History of Perforated Metal
A brief history of perforated metal.
The history of perforated metal spans several millennia. Its usage has varied from decorative to functional — very often at the same time. It has appeared in many cultures and for many purposes throughout time, from ancient arts and crafts, to warfare technology, to industrial filtration and sorting mechanisms. Today, perforated metal has returned as a highly decorative and expressive artistic medium.
Note: In 2017, Zahner introduced a new system for designing and procuring custom picture perforated imagery. Design your own picture perf at ImageWall.com — and make history with perforated metal.
EARLY HISTORY — THE ROOTS OF PERFORATION
The modern English word “perforate” comes from the Latin “perforo” which means to “bore”, “pierce-through” or “penetrate.” Perforated materials are typically made by piercing using some sort of punch or cutting technology.
In many of the earliest examples of perforated metal, a rudimentary technique was used to punch into a material. This is evidenced by the barbed edges, which indicate a far more violent approach than the machine-smooth perforated metal you see today. It’s fitting that many older examples of perforated metal were related to warfare usage. However, there are many examples of perforation which precede it.
Before there was perforated metal, early humans and hominids created perforated materials to serve a decorative or domestic purpose, from ornamental shells used in necklaces, tools used for cheese-making, or even some of the earliest marks made by primitive humans in the Paleolithic era—deep perforations or “cupules” made in stone thought to indicate artistic or symbolic thought.
Cupules are a fascinating example of early perforation marks made on stone from several-hundred thousand years ago. Although we don’t know exactly what purpose these ancient marks served, we do know that the effort required to make these with the available tools was significant.
Depending on the depth, each cupule was achieved through thousands of blows to the hard stone surface, and one researcher estimates up to 21,000 blows — how far we have come! Today a modern punch produces multiple perforations per second.
Beginnings of PERFORATED METAL — EARLY Civilization
Early civilization would lead to the discovery of various metals and subsequent forming into domestic, art, and warfare objects. As a durable material, it appeared in many aspects of life, serving both decorative and functional purposes.
In many civilizations, including Asian, Native American, African, and European, their respective cultures’ coinage made use of a perforation or hole at the coin’s center. These coins vary in material, including not only metals, but also stone and marble. While many have speculated that the holes allowed the coins to be strung together, it is just as likely that placing a hole in the coin reduced the amount of metal used to make the coin, saving resources.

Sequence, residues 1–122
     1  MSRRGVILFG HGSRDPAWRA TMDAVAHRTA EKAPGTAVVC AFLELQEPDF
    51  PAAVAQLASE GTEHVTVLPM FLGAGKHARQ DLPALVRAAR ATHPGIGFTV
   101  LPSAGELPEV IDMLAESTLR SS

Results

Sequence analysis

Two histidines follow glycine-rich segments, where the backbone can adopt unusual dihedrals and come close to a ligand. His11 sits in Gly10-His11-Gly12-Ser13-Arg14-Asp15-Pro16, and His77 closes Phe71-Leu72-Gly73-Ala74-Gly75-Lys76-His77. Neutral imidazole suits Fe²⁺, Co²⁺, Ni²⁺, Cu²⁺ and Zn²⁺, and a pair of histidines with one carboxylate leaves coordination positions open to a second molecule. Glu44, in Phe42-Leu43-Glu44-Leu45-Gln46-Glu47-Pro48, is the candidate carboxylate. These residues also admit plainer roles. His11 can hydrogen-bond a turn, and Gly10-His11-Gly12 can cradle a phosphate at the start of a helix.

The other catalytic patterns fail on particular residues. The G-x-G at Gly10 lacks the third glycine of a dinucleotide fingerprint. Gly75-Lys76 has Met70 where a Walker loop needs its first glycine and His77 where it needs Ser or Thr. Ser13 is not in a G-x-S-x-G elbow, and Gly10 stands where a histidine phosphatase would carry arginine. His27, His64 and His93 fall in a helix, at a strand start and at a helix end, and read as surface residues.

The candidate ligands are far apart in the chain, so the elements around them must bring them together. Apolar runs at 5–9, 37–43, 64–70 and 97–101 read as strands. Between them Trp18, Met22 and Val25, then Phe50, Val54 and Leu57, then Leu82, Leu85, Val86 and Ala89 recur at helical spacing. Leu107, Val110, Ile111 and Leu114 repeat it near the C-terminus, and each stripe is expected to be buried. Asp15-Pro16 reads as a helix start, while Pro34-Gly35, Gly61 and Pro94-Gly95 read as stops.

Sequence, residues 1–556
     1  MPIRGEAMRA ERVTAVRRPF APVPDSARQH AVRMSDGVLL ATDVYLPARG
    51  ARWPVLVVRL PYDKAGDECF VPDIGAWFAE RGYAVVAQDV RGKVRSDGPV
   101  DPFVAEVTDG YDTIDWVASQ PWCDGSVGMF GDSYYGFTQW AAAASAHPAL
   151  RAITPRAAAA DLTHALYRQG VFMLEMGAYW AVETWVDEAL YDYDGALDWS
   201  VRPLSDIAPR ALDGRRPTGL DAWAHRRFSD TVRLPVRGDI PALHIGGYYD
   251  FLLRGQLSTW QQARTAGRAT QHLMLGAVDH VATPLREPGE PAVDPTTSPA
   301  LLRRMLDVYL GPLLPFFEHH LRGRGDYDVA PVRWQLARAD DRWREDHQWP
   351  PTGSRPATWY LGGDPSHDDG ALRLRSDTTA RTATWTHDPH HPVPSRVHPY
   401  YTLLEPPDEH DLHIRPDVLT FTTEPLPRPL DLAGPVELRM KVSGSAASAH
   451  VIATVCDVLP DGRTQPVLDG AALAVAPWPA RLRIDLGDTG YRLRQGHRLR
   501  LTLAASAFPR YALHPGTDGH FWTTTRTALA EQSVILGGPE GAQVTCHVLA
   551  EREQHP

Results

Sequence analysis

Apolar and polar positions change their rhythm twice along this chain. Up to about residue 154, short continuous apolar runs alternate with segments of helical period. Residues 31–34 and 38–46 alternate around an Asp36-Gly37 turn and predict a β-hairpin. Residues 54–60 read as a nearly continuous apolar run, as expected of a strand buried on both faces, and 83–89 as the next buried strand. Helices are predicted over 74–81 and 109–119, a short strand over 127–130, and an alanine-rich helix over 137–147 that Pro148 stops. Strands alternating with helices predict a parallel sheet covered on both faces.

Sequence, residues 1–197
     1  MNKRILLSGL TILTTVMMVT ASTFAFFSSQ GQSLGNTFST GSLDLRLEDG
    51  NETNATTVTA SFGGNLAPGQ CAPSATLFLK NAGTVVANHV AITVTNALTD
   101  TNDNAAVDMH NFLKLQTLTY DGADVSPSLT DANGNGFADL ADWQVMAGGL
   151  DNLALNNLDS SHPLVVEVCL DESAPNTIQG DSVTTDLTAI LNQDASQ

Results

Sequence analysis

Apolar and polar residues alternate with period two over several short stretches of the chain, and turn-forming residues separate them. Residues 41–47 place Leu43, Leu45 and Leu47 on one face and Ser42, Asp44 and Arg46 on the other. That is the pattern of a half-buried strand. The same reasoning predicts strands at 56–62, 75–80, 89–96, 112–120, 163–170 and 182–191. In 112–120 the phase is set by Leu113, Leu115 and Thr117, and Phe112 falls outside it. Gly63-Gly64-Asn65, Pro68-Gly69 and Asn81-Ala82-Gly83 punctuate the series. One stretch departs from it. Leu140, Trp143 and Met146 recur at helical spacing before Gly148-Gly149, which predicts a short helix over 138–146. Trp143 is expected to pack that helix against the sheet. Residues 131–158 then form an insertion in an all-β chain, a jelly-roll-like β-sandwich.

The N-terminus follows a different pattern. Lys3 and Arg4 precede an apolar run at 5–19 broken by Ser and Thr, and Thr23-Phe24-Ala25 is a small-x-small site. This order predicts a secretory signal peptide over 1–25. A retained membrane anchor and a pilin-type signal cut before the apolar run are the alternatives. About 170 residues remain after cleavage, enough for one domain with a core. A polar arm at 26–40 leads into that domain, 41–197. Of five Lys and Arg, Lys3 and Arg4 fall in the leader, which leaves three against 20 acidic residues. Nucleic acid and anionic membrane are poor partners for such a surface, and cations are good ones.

The emergence of perforated metal, and its densely patterned areas, wouldn’t appear until the age of modern hand-to-hand combat. These tighter perforations allowed for greater protective coverage while providing breathability and visibility for its occupants. In the helmets below, we can see the Sumerian culture’s transition from stone to metal. Perforations in the helmets were used to attach cloth armaments. Thought to be decorative, the same design was first used on stone and then gold helmets (the two helmets on the left were made within a hundred years of each other).
Perforated metal was used in helmets as a way of providing protection of the eyes and mouth while allowing for full disguise of the face — all the while providing great visibility for the wearer. Militaries capitalized on the use of perforation, creating intimidating aesthetics without worrying about whether the infantry would be able to breathe and see through their helmets.
Other examples of perforated military armaments, such as the cuirass plate armor below, were perforated to provide ventilation in specialized tournaments — think of it as medieval hockey armor.
Industrial revolutions — The beginning of Uniform Sheet Metal
Up until the modern era, perforated metal was largely produced on hand-flattened metal. From its earliest examples, metals were hammered flat using stones and other tools. Handcrafted source material meant that perforated processes (and any other processes) were likewise handcrafted.
For several millennia, this process didn’t dramatically change, so when the industrial rolling mill was first introduced in 1615 (based on a one-hundred year old design by none other than Leonardo Da Vinci), it would revolutionize the possibilities for further industrialization of metal craftsmanship.
After the first industrial sheet metal began appearing, a world of possibility emerged for metalworking. Uniform sheet metal was like a blank canvas — a new medium to be explored. Shearing, forming, folding — and then punching, perforating, laser/waterjet-cutting — these processes could only emerge from the uniformity that modern sheet metal offers.